WALTHAM, Mass. — The concept of summer vacation does not really exist in the NBA. At least, that’s the case for the league’s younger generation.
With the NBA draft still visible in the rear-view mirror, the league’s 32 teams will journey this week to Orlando, where rookies, up-and-comers and D-Leaguers will spend seven days competing in the annual NBA summer league.
This tournament is especially important for teams without veteran-heavy rosters, and Boston Celtics assistant coach Jay Larranaga, who will coach the team’s summer league squad for the second straight year, has spent the past few days running some of the Celtics’ greener players through two-a-day practices in preparation.
“We’re young, so we have a lot of young guys on the roster,” Larranaga told reporters after Wednesday’s practice. “This is not maintenance right now; this is an improvement time for these guys. There’s areas where we have to get better at, particularly at the defense end, which is where most young guys struggle when they step up to the NBA level. So, we’re working a lot on defense.”
Like most teams, the Celtics’ 13-man summer league roster will be a mix of players straight out of college or overseas ball and those who already have had one go-around through the circuit. Point guard Phil Pressey, who competed in the 2013 summer league and went on to play 75 games for the Celtics during the regular season, is back again this summer, and Larranaga has liked the competition he’s seen thus far between Pressey and fellow guard Marcus Smart, the No. 6 overall pick in last week’s draft.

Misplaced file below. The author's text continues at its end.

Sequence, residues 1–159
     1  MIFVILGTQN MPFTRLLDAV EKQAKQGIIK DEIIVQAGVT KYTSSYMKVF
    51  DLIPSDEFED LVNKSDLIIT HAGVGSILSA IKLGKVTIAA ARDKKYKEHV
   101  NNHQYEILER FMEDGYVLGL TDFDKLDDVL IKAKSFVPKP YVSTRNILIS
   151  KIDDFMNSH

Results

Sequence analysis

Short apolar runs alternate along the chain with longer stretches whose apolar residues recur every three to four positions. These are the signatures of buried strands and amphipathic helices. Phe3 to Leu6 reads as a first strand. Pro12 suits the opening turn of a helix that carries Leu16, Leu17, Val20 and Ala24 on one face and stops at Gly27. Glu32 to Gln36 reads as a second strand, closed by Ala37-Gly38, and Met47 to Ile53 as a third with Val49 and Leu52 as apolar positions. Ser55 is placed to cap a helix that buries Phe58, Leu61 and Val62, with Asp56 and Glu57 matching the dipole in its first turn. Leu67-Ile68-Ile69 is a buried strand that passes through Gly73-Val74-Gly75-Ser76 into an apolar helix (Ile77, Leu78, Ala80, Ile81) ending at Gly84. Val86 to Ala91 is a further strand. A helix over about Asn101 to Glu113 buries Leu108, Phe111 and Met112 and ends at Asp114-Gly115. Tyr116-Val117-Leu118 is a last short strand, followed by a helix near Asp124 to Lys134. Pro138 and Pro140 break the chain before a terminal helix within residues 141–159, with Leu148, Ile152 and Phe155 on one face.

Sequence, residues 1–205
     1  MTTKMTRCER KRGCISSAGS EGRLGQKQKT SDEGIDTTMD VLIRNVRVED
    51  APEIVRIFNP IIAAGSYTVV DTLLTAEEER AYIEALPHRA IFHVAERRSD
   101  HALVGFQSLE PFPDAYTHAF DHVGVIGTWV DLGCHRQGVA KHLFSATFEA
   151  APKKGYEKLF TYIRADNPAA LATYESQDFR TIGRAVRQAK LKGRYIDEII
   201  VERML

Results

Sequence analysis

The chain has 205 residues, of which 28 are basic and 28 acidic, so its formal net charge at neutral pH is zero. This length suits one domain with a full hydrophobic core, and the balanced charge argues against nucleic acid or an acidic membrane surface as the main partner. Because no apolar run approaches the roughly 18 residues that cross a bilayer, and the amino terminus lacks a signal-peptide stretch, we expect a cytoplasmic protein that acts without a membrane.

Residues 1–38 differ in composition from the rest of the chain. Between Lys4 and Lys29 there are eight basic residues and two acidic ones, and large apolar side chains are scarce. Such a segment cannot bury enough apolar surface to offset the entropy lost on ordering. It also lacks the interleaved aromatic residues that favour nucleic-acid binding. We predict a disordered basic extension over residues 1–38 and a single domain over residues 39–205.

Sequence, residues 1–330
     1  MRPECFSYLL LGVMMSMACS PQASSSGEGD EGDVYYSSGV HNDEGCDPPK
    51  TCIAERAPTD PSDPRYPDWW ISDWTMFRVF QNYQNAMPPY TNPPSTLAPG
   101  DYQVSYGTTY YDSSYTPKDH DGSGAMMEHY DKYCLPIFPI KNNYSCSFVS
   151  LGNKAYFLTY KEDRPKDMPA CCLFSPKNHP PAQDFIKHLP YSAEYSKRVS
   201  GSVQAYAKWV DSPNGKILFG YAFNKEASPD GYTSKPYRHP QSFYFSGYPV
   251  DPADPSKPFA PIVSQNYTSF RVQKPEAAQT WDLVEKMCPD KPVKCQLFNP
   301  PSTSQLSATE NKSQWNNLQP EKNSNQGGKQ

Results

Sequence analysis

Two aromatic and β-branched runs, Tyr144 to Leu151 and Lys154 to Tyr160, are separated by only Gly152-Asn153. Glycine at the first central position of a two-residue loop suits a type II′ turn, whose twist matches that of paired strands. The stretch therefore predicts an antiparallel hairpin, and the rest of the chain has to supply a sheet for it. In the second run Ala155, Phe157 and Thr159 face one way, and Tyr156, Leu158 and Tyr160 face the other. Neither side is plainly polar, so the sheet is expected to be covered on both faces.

“Phil and Marcus have been really good in these first two practices,” Larranaga said. “They’re both tremendously competitive people. I think they’re pushing each other, which is a great thing. Obviously, with Rajon (Rondo), as well, that gives us three highly competitive (backcourt) players with the potential to impact the game on the defensive end. Hopefully that’ll be a strength for us in summer league as well as the regular season.”
(Larranaga wouldn’t comment on reports that free-agent guard Avery Bradley has signed a four-year, $32 million contract to return to the Celtics.)
“(Smart) and Phil will probably play together some (in summer league),” Larranaga added. “They’re two of our better players, and you don’t want to have one of your best players sitting on the bench. He and Phil are such unselfish players and team-oriented guys that having them together I think will be a good thing.”
The main goal of the summer league is to develop and evaluate young players. But, since few head coaches decided to helm the summer squads themselves, it also gives assistants the chance to take on greater responsibility, which Larranaga, a former bench boss in the NBA Development League, embraces.
“(Celtics head coach) Brad (Stevens) is great because he really looks to empower all of his assistants during the season and in summer league,” he said. “That’s why he’s so great to work for. I kind of look at my job like I looked at my D-League job when I was coaching in the D-League: You’re like a JV coach. You’re doing what the head coach wants. You’re trying to establish — in a very short amount of time — the culture and habits that Brad wants during the season. That’s kind of how I’m approaching it.”
The Celtics’ first summer league game will be this Saturday against the Miami Heat.
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